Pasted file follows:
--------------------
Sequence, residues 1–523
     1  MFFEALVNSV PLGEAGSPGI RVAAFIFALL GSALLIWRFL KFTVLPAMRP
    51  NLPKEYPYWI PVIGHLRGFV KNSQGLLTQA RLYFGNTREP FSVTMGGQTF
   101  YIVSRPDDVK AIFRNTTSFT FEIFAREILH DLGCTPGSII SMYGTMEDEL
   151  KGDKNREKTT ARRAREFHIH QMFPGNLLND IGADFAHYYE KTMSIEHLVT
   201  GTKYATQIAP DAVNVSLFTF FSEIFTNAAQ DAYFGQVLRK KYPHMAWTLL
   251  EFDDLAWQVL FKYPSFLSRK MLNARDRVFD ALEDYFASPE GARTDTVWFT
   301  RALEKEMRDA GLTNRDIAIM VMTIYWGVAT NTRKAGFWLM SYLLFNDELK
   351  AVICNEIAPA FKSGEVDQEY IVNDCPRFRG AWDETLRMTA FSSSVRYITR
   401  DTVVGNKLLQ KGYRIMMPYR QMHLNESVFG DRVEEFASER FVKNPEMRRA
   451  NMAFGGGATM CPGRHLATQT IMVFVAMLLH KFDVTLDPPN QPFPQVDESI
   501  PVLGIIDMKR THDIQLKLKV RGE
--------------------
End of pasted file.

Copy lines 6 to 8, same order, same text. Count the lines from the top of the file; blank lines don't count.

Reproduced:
   201  GTKYATQIAP DAVNVSLFTF FSEIFTNAAQ DAYFGQVLRK KYPHMAWTLL
   251  EFDDLAWQVL FKYPSFLSRK MLNARDRVFD ALEDYFASPE GARTDTVWFT
   301  RALEKEMRDA GLTNRDIAIM VMTIYWGVAT NTRKAGFWLM SYLLFNDELK